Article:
A brief history of copyright on the web: Part one

 

When the Internet was conceived, copyright law was not in consideration. Developed initially for a mixture of academic and military purposes, the technologies that made the Internet possible were, originally, never seen as having copyright implications.

However, by 1994, the Internet was finding its way into homes at a rate unmatched by the early days of radio or television. Almost overnight, the web went from a playground for academics to a resource for the general public. Personal homepages sprang up, message boards and forums grew in popularity and chat rooms became regular sources for lively discussion.

Along with all of this new connectivity came a great deal of copying. Text was being copied and pasted, images were being posted and, eventually, audio and video files were being shared.

Along with this copying came a whole new set of copyright questions, questions that the law was unprepared to answer. This, in turn, caused governments and international organizations alike to race to update their antiquated laws to make them more fitting for the digital age.
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Although many of these revisions have not been thought highly of, they have helped to sculpt the Internet we have today and directly influence the way we do business online.

Copyright before the web

Prior to the development of the Internet, most copyright law, especially on the international front, drew its origins from an international agreement known as the Berne Convention for the Protection of Literary and Artistic Works.

The Berne Convention, ratified in 1886, has been revised or amended seven times since then, the last time in 1979. The convention, which counts some 163 countries as parties to the treaty, sets basic guidelines for the types of works that are protected and what protections they receive.

Article 2 of the Berne Convention would wind up having a profound impact on the development of the Internet. By expanding copyright protection to any literary or artistic expression that has been been fixed in some material form, the Berne Convention ensured that all works posted to the Internet would be protected by copyright.

Still, there were many early copyright cases, such as Sega v. Galaxy in Australia, which sought to challenge the copyrightability of digital works, in that case a video game. However, in country after country, the copyrightabilty of digital works was upheld and most of the legal questions centered around how, not if, the works were protected.

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But once the copyright protection for digital works, and specifically works on the web, was established, a whole new problem arose. The entire Internet, by its very nature, was a copyright infringement and it was up to the legal system to sort out exactly where to draw the line of liability.

The nature of the beast

Since the early Internet was so heavily concentrated in the United States, it was US law that would guide much of the early development of the Web. However, American law, at the time the Internet was starting to get established, was very hostile toward any copying of digital works.

The most potentially devastating ruling was a 1993 one in the 9th Circuit US district court which found that copying a program to RAM, even though it was only temporary, was a potential copyright violation. The case, MAI v. Peak dealt with diagnostic software used to repair machines. There, the court ruled that loading the software into the RAM is insufficiently permanent or stable to permit it to be perceived, reproduced, or otherwise communicated for a period of more than transitory duration.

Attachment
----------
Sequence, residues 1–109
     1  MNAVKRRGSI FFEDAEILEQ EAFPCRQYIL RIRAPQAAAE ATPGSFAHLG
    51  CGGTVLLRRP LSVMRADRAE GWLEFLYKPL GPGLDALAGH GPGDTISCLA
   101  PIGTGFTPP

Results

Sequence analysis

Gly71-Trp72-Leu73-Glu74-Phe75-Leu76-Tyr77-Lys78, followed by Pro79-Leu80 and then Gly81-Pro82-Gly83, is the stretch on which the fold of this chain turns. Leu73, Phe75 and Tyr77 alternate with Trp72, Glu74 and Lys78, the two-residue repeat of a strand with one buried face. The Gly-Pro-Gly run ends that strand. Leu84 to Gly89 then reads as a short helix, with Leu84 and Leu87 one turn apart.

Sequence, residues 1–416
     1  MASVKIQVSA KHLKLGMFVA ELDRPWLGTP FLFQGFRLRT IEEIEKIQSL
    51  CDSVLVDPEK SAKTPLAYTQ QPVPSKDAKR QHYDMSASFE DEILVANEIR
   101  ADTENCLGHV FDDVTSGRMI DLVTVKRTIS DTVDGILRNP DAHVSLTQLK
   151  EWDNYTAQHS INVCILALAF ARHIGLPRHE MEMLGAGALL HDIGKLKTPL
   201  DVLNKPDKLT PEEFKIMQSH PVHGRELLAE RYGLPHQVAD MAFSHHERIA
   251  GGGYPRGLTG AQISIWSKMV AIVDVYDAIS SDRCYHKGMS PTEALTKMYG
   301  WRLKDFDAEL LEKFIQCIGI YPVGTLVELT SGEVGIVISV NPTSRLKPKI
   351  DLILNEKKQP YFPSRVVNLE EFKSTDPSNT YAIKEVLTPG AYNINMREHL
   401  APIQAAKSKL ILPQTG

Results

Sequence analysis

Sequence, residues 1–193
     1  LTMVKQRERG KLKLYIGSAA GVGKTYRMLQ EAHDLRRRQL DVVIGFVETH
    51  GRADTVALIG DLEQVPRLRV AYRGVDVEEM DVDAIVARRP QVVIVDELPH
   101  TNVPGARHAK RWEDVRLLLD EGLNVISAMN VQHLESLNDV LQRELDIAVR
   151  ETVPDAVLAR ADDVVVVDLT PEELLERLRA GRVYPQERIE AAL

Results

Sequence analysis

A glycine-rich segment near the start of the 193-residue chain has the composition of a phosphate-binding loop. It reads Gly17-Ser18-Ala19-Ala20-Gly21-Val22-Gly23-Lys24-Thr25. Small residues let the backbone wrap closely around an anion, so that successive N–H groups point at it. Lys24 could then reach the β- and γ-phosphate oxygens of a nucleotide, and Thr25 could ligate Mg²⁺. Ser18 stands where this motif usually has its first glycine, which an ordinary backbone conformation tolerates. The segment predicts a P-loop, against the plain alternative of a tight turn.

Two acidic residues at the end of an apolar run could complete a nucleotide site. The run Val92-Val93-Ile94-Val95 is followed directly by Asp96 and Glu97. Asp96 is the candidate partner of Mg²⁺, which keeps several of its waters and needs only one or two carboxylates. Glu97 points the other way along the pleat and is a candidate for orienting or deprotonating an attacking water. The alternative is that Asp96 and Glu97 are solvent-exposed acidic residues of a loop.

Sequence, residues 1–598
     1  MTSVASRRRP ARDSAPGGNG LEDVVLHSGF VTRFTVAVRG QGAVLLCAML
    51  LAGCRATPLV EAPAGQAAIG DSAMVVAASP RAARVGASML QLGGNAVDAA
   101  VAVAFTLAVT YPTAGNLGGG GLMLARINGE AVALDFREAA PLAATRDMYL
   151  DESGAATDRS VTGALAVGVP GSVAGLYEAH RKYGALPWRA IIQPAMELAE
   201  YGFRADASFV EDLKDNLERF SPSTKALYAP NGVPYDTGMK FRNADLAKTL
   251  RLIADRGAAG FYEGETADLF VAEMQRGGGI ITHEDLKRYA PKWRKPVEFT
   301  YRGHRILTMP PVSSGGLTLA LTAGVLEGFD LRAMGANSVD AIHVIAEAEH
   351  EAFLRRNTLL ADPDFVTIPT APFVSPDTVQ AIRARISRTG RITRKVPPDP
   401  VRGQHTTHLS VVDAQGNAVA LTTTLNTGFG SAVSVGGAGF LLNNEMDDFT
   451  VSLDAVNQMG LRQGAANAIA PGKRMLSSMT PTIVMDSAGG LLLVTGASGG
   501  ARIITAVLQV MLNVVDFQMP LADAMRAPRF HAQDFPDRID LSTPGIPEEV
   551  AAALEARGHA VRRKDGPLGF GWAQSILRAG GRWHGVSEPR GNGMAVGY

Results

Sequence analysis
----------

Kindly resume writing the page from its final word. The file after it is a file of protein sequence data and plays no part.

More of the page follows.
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The problem is that the web cannot function without copying. The mere act of opening up a web page can create several copies of a work, one in the RAM of the computer, similar to what is described in the MAI case, another in the browser’s cache and still another in the cache of the ISP. Without this copying, the Internet would either function much less efficiently or not at all.

However, despite that ruling, most legal experts felt that there was no infringement in viewing a web page. It was generally held that there was an implied license granted from the person who was posting the web page to have it downloaded to RAM, cached or otherwise stored. In a bid to nurture this implied license, systems were developed to enable Webmasters to opt out of being cached. These systems included meta tags (http://www.w3schools.com/tags/tag_meta.asp), hidden tags within the HTML itself, and a robots.txt file hidden on the server.

However, this argument would not be tested in any significant way until 2006, when a district court in Nevada ruled that the Google Cache was fair use, in large part due to the implied license the plaintiff granted by not using the available tools to opt out.

At the same time the ruling exonerated Google’s caching practice, it also ensured that regular surfers would not be hit with surprise lawsuits for caching pages or writing them to their RAM or their hard drive’s cache.

Although such a lawsuit seems farfetched today, it was a serious legal question 12 years ago and it was one of two that nearly stopped the Internet before it really got started.

The other, however, required a new law to settle the issue for good.

In Part Two we will look at the history of liability for web hosts and other service providers and changing laws and rulings surrounding services that enable copying.